. The setup consists of three parts: feedback part, laser, and detection part.

The intra-cavity HeNe laser outputs linear polarization with a single longitudinal mode oscillating in resonant cavity, the working wavelength is 632.8 nm. The gaseous pressure ratios in the laser tube are He: Ne = 9:1 and Ne20: Ne22 = 1: 1. The reflectivities of cavity mirrors M1 and M2 are 99% and 99.5%, respectively. The length of resonant cavity formed by mirror M1 and M2 is 140 mm. Resistance coil R is used to tune the cavity length slightly by heating when needed.

One surface of the M1 is coated with anti-reflecting film facing the laser tube; the other surface is coated with reflecting film. There is frequency difference (denoted as |v-v|) between the two eigenstates of one longitudinal mode due to phase anisotropy caused by residual stress remaining in M1. The frequency difference between the adjacent longitudinal modes spacing of laser (denoted as Δν) is twice as much as |v-v| [10

10. W. Liu, W. Holzapfel, J. Zhu, and S. Zhang, “Differential variation of laser longitudinal mode spacing induced by small intra-cavity phase anisotropies,” Opt. Commun. 282(8), 1602–1606 (2009). [CrossRef]

]. Thus, Δν can be used to indicate the phase anisotropy of the laser cavity. Δν can be expressed as [11

11. S. Zhang and T. Xu, “Orthogonally linear polarized lasers (I)—principle and devices,” Prog. Nat. Sci. 15(7), 586–595 (2005). [CrossRef]

]
Δv=16λvF/πDLf0,
(1)
Where ν is the central frequency of the laser, L is the cavity length, λ is the light wavelength, D is the diameter of M1, f0 is the fringe value of the optical materials. According Eq. (1), Δν can be tuned by exerting a force F on M1, so does the phase anisotropy of the laser cavity. As is shown in Fig. 1(b), a mechanical structure is designed to exert a force F on M1 along its diameter by twist the screw.

Feedback part is made of piezoelectric transducer (PZT), feedback mirror M3, attenuator AT, and polarizer P1. Feedback cavity length is about 140 mm. M3 moves back and forth pulled by a PZT which is driven by a triangle voltage. The reflectivity of M3 is 99%. The AT is used to reduce the effect of multiple feedbacks. The angle between X axis and the optical axis of P1 is denoted by θ. The light whose polarization is parallel to X axis is denoted by ∥-polarization, and the other one is denoted by ⊥-polarization.

The detection part consists of beam splitter BS1, BS2, Wollaston prism W, photo detectors D1, D2, polarizer P2, avalanche photo diode APD, spectrometer SP, and scanning interferometer SI. The two optical axes of W are parallel to X axis and Y axis, respectively. The ⊥-polarization and ∥-polarization are separated by W, and their intensities (I and I) are detected by D1 and D2, respectively. The P2 is placed to enable a 45° angle between the axis of P2 and ⊥-polarization (or ∥-polarization). The APD and SP are used to measure the frequency difference between the adjacent longitudinal modes spacing of laser. The longitudinal mode of the laser is observed by the SI.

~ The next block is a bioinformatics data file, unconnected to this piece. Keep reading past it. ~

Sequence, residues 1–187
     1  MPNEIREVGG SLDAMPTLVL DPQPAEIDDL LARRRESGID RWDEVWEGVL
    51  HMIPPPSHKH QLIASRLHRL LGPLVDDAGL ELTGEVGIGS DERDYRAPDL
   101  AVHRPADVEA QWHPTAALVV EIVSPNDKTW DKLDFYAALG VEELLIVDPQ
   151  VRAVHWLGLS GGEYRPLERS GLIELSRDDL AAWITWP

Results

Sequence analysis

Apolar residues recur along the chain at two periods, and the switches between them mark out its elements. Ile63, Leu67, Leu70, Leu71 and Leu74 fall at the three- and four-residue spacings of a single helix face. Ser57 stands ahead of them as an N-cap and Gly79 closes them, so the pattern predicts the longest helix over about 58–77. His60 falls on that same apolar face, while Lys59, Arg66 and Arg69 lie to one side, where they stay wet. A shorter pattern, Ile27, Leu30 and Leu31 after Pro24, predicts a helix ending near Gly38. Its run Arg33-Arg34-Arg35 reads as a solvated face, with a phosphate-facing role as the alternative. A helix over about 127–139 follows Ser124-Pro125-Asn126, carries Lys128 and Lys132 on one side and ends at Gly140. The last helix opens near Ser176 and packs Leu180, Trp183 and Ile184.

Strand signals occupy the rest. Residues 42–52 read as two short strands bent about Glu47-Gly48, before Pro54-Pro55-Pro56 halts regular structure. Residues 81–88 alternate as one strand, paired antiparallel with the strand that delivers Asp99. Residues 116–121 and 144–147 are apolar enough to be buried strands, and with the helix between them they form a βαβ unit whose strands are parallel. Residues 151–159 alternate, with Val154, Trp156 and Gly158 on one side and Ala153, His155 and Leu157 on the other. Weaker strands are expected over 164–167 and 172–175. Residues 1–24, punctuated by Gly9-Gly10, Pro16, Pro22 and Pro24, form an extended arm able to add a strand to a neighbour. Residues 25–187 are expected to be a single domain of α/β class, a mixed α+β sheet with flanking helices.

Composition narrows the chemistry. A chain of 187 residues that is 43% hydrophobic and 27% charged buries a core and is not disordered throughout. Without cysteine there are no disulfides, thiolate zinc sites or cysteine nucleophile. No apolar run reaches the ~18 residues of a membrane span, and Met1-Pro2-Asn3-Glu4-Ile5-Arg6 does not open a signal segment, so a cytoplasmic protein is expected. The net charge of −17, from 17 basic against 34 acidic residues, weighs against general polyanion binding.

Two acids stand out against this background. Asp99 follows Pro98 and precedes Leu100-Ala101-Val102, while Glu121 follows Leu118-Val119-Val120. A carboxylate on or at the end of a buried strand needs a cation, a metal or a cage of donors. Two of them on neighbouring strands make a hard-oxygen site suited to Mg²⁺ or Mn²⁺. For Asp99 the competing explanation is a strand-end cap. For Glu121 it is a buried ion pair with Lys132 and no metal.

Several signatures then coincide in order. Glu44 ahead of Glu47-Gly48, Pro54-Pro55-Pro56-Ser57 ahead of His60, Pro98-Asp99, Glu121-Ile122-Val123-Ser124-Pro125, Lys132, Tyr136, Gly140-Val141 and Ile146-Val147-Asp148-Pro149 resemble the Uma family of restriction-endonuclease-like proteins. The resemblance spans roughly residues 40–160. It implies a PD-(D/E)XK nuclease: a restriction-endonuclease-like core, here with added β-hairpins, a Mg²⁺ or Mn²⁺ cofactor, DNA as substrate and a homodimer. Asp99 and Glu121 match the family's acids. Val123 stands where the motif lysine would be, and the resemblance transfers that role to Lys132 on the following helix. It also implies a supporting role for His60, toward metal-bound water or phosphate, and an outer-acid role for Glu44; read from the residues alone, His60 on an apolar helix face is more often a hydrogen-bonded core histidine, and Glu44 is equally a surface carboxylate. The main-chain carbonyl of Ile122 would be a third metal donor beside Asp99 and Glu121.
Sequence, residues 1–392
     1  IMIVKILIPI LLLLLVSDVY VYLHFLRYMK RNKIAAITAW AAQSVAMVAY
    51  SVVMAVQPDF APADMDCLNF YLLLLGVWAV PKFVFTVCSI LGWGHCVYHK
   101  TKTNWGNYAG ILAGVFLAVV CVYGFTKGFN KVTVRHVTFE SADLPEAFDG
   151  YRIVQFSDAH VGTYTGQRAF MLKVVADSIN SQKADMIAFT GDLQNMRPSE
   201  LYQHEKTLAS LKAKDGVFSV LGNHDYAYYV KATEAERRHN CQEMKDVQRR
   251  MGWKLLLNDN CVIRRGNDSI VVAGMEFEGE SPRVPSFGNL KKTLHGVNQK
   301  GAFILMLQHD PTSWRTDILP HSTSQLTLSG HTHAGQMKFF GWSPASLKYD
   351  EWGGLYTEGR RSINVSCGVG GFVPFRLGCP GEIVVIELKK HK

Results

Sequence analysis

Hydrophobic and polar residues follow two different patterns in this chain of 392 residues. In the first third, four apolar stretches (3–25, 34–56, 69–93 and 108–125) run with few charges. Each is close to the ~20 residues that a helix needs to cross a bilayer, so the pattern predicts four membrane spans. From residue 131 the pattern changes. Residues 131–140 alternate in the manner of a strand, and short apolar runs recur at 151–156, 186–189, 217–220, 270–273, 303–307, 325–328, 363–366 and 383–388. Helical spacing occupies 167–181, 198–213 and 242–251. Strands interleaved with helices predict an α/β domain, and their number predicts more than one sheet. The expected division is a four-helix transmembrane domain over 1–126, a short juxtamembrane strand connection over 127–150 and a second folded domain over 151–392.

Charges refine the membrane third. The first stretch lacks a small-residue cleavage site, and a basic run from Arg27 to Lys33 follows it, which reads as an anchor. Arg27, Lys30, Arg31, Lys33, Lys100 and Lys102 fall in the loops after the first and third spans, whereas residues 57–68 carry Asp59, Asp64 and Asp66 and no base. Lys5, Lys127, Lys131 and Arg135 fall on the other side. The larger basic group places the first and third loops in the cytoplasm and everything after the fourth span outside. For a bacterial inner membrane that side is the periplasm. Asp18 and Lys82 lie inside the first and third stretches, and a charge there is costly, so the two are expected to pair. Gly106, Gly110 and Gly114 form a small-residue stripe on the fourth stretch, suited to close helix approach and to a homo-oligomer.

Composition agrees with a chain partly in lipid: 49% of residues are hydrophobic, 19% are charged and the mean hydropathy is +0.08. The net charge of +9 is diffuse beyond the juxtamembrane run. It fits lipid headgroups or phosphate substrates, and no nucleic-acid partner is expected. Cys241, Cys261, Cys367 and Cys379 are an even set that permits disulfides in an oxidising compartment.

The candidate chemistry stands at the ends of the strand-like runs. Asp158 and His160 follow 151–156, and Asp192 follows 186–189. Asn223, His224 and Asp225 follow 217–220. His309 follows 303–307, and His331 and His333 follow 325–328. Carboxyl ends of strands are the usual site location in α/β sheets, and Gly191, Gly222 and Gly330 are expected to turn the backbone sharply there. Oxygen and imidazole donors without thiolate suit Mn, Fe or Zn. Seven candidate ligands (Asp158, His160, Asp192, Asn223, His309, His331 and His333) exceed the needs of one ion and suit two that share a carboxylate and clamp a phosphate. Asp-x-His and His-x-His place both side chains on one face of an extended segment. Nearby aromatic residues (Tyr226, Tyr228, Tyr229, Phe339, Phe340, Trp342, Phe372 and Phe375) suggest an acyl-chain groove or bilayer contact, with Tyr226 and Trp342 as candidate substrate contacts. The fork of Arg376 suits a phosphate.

3. Experiment and analysis

The laser polarization is parallel to X axis originally. Firstly we observed the laser outputs under optical feedback, without the force F exert on M1. The Δν is 8.8 MHz with the absence of F, measured by the SP. When the optical axis of P1 is parallel to X axis, i.e. θ equals to zero, flipping phenomenon happens, as is shown in Fig. 2(a)
Fig. 2 The intensities of I and I at different θ value. Δν equals to 8.8 MHz. The arrows mark the zero voltage of intensity signal. The horizonal axes represent zero voltage of PZT voltage.
. The laser still output one longitudinal mode then, observed with the SI (after lighten for two hours, the laser frequency is stable). So this was polarization flipping between the two eigenstates of one longitudinal mode.

Then we gradually enlarge the θ value by rotating P1. The transmittance of AT doesn’t change in this process. It is found that the laser outputs vary greatly with the change of θ value. Parts of experiment curves are shown in Fig. 2.

In Fig. 2(a), θ equals to 0°, the optical axis of P1 is parallel to ∥-polarization. The polarization flipping occurs. When ∥-polarization oscillates, I is modulated by feedback. While ⊥-polarization oscillates, I is stable because of the presence of P1. The situation is reversed in Fig. 2(f). In Figs. 2(b) and 2(e), the polarization flipping occurs. I and I are both modulated because the P1 is not parallel to either X axis or Y axis. In Figs. 2(c) and 2(d), the polarization flipping doesn’t happen, and only one polarization oscillates.

We found that the closer to 45° the θ value was, the harder the polarization flipping happened. While the θ approached either 0° or 90°, it was easy to observe the polarization flipping. Under the experiment condition mentioned above, we can’t get polarization flipping with the θ value bigger than 26° and smaller than 65°, as is shown in Fig. 3
Fig. 3 Experiment results at different θ value. Δν equals to 8.8 MHz.
below. It is notable that Fig. 3 is symmetric at the 45°.

4. Theoretical analysis and discussion

Here, a theoretical model based on self-consistency of the laser is presented. We consider the situation of no polarization flipping first. ∥-polarization is supposed to be resonant initially. We divide the laser beam into two parts with the presence of the optical feedback. The first part travels within the laser cavity, and the other one is reflected into the laser cavity by feedback mirror. These two parts superimpose in the laser cavity and the feedback effect comes into being.

The initial electric vector within laser cavity without feedback is denoted asE//0(t), while the electric vector with feedback is denoted asE//(t). According the self-consistency of the laser, we can get that